Millennial Marketing Plans that really work

We have a diverse group of clients in our advertising agency. Our customers have many different demographics. Some businesses want to reach Men ages 25-54 with their advertising. Other clients only are interested in Women. Some market to families and others are looking for Millennials, Generation Y. Today, we’re discussing Millennial Marketing Plans. You can expect to learn in this blog post strategies for reaching this valuable group of the 80s and 90s babies. Since our media buying team comprises people entirely under 40, our insights should be valuable to you if you’re researching marketing to Millennials.

 Millennials are unlike previous generations, so do not use the same advertising plan to reach them.

Millennial content viewing is even more fragmented than the generations before them. With so many content options available to chose from, Millennials watch and listen to many different programs, and engage with several social media platforms. The key to reaching Millennials is creating Millennial Marketing Plans that reach the demographic where they are. Podcasts, streaming music, OTT and CTV (Connected TV), social, YouTube, digital news content, and more.

As an advertiser, you cannot buy one media channel and reach enough Millennials to be effective without a massive budget and Reach. Perhaps, you could reach Millennials with a National Super Bowl ad, but that’s not realistic for most local or regional advertisers.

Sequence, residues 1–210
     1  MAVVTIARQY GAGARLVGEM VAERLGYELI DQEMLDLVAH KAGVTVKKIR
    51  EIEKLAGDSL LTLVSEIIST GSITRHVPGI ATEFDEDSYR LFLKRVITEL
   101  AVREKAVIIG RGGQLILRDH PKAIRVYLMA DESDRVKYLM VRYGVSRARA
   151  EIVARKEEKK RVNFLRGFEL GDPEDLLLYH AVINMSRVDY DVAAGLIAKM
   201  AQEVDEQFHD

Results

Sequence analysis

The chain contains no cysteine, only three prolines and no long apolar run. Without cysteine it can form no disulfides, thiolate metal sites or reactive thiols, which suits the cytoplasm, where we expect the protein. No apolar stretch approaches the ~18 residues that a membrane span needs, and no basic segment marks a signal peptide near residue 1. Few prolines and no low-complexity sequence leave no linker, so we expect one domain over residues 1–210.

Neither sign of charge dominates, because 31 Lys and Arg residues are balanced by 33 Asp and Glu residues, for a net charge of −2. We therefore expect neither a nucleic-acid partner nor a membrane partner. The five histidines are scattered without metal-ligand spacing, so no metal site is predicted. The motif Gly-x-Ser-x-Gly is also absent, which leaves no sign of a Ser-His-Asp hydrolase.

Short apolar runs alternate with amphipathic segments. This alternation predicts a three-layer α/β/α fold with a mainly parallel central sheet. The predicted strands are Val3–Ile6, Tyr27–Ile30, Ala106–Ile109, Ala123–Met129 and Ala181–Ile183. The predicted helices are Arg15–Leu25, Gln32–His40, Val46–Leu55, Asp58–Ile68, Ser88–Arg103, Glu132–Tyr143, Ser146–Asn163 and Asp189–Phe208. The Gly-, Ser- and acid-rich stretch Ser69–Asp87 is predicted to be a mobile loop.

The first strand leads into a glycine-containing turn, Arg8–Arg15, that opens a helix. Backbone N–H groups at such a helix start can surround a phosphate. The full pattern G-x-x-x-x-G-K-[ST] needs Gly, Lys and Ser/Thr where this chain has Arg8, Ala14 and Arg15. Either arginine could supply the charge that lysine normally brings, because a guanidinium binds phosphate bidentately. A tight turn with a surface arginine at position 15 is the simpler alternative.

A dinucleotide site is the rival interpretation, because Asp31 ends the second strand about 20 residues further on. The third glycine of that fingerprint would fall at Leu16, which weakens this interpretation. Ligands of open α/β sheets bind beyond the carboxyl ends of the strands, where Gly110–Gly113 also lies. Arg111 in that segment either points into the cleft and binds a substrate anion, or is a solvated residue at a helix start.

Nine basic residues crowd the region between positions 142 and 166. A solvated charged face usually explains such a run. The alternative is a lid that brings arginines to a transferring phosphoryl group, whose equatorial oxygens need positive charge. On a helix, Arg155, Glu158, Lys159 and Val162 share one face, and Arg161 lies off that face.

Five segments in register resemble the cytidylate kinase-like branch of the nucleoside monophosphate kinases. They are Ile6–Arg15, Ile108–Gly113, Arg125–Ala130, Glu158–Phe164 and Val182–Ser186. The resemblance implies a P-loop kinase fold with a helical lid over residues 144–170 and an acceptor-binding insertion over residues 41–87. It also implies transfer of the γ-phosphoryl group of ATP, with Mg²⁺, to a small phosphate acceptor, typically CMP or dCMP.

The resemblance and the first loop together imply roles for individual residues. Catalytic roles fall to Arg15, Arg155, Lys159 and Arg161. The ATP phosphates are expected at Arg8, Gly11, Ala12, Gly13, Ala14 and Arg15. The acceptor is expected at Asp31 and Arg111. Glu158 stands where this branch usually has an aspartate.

Our advertisers have to be scrappier. Our job is to create paid media plans that reach enough of your demographic with high enough Frequency that viewers respond to your ads. If you’re trying to market to Millennials with a Broadcast TV station or single terrestrial radio station, you need a Media Buyer to guide you. Those would be terrible ideas for advertising to Millennials. Stop doing that now.

Millennial Stereotypes can derail your marketing strategy.

Some of the Millennial stereotypes are good, others wrong. Often personified as having short attention spans, fleeting loyalty, and demanding choices, Millennials have a misunderstood reputation. If you study Gen Y, you’ll learn they are the first tech-savvy generation and known for being innovative.